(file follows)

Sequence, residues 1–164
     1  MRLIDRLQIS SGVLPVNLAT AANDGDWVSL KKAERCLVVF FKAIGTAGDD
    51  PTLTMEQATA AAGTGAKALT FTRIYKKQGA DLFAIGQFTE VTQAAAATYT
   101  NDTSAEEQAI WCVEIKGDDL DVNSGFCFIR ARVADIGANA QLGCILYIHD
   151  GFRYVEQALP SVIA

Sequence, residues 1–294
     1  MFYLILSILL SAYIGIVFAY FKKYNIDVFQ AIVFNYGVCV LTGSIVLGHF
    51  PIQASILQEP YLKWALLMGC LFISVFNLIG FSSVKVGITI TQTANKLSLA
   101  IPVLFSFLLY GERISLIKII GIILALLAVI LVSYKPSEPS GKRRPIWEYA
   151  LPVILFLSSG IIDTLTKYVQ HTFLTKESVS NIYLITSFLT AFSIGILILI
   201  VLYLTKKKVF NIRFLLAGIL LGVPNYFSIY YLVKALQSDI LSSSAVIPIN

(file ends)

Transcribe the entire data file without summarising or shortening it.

Sequence, residues 1–164
     1  MRLIDRLQIS SGVLPVNLAT AANDGDWVSL KKAERCLVVF FKAIGTAGDD
    51  PTLTMEQATA AAGTGAKALT FTRIYKKQGA DLFAIGQFTE VTQAAAATYT
   101  NDTSAEEQAI WCVEIKGDDL DVNSGFCFIR ARVADIGANA QLGCILYIHD
   151  GFRYVEQALP SVIA

Sequence, residues 1–294
     1  MFYLILSILL SAYIGIVFAY FKKYNIDVFQ AIVFNYGVCV LTGSIVLGHF
    51  PIQASILQEP YLKWALLMGC LFISVFNLIG FSSVKVGITI TQTANKLSLA
   101  IPVLFSFLLY GERISLIKII GIILALLAVI LVSYKPSEPS GKRRPIWEYA
   151  LPVILFLSSG IIDTLTKYVQ HTFLTKESVS NIYLITSFLT AFSIGILILI
   201  VLYLTKKKVF NIRFLLAGIL LGVPNYFSIY YLVKALQSDI LSSSAVIPIN